“That was terrific fun!” he says of flying. But as he flew, he says he found himself looking for new places to hunt and fish. Then, about 12 years ago, he heard about the Asian carp invasion, found they were not protected by federal or state law and began bow-hunting carp with a few members of his archery league.

A huge carp harvest, ready to be made into Fish Bliss.

A carp harvest, ready to be made into Fish Bliss.

This is far more challenging than it sounds. Silver carp, disturbed by the vibrations of a boat’s motor, can leap in any direction, high or low, and a hunter has a split second to track their trajectory and release an arrow.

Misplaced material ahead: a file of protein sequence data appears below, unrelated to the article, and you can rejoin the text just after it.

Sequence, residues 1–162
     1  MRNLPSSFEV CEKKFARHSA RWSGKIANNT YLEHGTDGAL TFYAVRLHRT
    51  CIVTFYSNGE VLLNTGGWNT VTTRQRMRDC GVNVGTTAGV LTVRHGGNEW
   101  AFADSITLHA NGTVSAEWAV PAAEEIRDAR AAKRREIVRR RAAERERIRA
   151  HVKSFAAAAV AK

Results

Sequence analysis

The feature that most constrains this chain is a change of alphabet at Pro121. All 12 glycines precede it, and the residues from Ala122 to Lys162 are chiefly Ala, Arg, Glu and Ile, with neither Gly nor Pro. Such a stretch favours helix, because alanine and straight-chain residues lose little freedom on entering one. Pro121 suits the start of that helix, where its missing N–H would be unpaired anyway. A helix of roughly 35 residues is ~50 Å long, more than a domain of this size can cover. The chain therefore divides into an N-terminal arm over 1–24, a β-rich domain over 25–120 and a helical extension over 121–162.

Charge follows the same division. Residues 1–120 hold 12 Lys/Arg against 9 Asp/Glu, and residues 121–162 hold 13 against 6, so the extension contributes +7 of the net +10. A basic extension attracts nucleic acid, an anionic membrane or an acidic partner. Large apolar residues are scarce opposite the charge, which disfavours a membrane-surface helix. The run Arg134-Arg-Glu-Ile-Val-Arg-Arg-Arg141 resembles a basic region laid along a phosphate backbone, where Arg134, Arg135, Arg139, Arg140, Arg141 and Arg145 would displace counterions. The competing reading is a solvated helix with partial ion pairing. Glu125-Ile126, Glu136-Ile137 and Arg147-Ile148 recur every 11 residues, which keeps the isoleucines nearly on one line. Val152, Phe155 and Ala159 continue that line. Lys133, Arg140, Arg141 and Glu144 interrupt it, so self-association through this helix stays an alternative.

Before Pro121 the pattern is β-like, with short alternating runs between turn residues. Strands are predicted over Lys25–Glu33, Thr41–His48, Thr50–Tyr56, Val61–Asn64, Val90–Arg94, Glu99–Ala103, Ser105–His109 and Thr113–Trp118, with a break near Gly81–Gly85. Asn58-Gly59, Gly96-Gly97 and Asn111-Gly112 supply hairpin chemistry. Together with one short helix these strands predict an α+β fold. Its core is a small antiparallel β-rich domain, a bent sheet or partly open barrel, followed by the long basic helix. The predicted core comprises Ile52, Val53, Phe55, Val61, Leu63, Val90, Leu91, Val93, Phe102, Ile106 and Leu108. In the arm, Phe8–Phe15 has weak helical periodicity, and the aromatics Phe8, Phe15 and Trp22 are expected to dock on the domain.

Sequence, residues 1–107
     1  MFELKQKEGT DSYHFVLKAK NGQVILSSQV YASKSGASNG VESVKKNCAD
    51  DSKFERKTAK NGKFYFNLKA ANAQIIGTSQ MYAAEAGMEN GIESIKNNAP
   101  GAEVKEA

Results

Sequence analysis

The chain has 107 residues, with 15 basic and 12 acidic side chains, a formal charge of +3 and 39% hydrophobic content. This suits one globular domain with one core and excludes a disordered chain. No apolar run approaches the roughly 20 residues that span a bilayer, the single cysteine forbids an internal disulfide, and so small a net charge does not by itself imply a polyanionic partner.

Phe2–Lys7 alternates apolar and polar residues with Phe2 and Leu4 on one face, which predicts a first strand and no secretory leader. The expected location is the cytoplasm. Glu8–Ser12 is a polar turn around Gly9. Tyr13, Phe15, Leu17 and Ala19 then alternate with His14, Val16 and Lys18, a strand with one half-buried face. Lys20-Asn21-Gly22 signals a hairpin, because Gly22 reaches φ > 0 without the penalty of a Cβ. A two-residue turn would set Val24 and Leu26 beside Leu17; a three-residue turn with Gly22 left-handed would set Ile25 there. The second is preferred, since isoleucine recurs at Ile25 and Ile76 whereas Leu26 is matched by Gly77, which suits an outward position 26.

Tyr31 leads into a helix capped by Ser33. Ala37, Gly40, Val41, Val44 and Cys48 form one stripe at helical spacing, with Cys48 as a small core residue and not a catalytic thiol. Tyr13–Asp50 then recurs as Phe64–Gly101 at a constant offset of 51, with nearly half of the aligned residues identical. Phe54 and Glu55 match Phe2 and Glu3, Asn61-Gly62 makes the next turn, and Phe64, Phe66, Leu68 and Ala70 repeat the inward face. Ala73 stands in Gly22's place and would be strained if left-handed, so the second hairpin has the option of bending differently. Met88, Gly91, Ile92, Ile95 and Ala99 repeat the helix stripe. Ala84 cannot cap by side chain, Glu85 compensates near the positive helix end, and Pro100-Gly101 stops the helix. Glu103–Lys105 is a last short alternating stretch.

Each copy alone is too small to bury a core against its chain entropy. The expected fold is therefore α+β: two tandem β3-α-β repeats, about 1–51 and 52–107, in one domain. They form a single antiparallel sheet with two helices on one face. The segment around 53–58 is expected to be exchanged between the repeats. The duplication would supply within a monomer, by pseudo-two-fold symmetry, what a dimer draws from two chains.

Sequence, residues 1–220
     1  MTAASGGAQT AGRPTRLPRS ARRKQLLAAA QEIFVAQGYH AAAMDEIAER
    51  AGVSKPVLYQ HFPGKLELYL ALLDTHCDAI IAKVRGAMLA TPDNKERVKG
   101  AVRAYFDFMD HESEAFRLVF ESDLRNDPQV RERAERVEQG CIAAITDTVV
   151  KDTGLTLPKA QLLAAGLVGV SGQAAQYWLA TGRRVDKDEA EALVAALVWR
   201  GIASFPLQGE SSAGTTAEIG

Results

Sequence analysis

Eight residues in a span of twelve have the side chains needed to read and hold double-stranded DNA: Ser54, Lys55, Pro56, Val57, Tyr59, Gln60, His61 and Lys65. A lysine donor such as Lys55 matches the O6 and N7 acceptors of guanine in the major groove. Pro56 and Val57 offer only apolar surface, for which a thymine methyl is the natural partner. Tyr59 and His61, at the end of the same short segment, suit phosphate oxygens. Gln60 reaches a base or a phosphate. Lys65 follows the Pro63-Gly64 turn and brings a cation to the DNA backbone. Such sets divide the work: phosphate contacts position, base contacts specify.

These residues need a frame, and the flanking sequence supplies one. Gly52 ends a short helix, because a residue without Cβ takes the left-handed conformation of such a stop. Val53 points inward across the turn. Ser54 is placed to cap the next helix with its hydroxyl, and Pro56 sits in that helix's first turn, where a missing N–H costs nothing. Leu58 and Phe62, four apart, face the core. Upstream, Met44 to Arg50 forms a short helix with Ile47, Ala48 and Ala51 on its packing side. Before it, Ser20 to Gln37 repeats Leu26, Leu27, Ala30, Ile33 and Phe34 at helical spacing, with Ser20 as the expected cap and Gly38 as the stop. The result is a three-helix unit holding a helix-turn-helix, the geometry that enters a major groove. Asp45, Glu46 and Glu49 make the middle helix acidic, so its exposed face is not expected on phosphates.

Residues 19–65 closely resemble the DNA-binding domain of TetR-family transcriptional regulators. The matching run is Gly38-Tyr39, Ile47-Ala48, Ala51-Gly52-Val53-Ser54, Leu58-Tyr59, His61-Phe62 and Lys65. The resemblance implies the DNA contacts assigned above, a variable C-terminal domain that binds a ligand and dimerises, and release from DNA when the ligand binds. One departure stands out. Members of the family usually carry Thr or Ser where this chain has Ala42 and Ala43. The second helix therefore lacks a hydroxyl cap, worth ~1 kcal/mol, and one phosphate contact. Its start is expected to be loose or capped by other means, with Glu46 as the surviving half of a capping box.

“At first, we were really bad,” Cherner admits. “We had trouble hitting them at all. But we got better and better at it and soon, we’d be shooting 300-500 pounds of Asian carp in one day.”

Initially he just dumped the fish into a hole and allowed the organic stew to break down. Next year, the Cherners decided to use that soil in their garden, with impressive results.

Cherner also recalled from grade school how Native Americans taught settlers to use fish as fertilizer and thought, “Why not turn the carp into fertilizer?” Thus was Fish Bliss born.

Which is where Jeff Samborski, business development specialist with the University of Missouri (MU) Jackson County Extension Small Business & Technology Development Center (SBTDC), comes in. The MO SBTDC, a lead program of the University of Missouri Extension Business Development Program, provides professional business analysis, business consultations, access to technology resources and educational training on a variety of topics.

bottled Fish Bliss

One gallon of bottled natural Fish Bliss, ready to help gardens grow.